After four years of adjudication, the Jerusalem District Court yesterday upheld the writer Sarah Shapiro’s plagiarism claim against best-selling writer Naomi Ragen. The court ruled that Ragen knowingly copied from Shapiro’s work in her novel “Sotah.”
Shapiro submitted her claim against Ragen in 2007. Both writers come from America’s Orthodox Jewish community; Shapiro lives in Jerusalem and writes in English. In 1990, Shapiro sought Ragen’s opinion about her debut novel. The two met; subsequently, Shapiro claims she was surprised to find selections from her book Growing with My Children in Ragen’s Sotah.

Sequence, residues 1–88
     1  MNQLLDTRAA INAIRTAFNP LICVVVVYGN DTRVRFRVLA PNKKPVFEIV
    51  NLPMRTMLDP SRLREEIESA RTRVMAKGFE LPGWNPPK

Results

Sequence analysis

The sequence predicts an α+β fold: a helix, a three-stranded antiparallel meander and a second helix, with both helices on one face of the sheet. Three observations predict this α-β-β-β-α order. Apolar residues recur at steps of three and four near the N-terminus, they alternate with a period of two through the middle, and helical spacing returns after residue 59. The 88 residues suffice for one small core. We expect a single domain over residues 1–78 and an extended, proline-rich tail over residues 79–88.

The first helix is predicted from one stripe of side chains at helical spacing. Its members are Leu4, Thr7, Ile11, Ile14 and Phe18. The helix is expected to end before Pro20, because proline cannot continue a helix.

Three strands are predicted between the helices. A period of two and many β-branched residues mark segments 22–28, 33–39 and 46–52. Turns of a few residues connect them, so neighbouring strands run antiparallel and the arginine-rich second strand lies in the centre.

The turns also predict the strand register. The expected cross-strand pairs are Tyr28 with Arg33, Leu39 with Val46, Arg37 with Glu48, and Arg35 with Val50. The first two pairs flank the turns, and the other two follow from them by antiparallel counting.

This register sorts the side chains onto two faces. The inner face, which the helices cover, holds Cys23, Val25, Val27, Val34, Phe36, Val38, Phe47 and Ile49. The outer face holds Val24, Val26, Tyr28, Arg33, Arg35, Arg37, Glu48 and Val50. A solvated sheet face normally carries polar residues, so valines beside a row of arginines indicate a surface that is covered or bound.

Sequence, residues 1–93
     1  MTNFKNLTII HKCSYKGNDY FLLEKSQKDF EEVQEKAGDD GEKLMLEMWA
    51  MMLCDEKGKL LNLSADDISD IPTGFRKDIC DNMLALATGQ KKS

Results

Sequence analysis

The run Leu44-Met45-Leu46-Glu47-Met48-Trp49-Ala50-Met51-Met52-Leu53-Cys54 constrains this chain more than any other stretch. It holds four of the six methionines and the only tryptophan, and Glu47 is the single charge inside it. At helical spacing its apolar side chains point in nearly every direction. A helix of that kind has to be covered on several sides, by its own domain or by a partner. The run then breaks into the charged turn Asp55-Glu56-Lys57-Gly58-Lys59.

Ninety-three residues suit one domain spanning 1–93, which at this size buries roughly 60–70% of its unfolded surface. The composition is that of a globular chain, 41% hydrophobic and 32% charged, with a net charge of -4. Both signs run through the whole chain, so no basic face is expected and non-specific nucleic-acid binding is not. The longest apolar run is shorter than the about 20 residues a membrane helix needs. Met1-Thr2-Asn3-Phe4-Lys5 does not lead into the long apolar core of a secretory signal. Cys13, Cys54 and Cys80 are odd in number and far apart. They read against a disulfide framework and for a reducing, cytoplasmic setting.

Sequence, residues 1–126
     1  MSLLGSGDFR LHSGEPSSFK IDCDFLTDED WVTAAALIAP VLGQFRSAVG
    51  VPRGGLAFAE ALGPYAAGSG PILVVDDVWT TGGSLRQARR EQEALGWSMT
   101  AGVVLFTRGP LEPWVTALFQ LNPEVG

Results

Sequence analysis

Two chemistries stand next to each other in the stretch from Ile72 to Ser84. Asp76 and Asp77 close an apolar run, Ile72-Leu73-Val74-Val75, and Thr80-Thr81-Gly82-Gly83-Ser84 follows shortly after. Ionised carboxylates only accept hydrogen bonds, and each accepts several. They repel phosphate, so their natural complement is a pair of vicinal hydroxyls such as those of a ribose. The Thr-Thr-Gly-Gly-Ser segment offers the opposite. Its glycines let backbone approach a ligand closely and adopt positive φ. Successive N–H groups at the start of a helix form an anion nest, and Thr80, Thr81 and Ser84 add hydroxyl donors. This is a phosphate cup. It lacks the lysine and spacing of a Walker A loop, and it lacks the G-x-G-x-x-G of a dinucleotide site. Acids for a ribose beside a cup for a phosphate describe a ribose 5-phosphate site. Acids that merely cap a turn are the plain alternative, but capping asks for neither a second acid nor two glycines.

In a 92-page opinion, Judge Joseph Shapira fully upheld Shapiro’s claim against Ragen. The court opined that the plagiarism was “tantamount to a premeditated act,” saying that Ragen acted knowingly and copied work created by the plaintiff.
The court relied on testimony furnished by Ragen herself.
Ragen, the court noted, “testified that work written by the plaintiff served as ‘raw materials’ for her, and that her method of writing is based on drawing from a ‘well’ and ‘imagination’ in ways that include the works of others, including those rendered by the plaintiff.”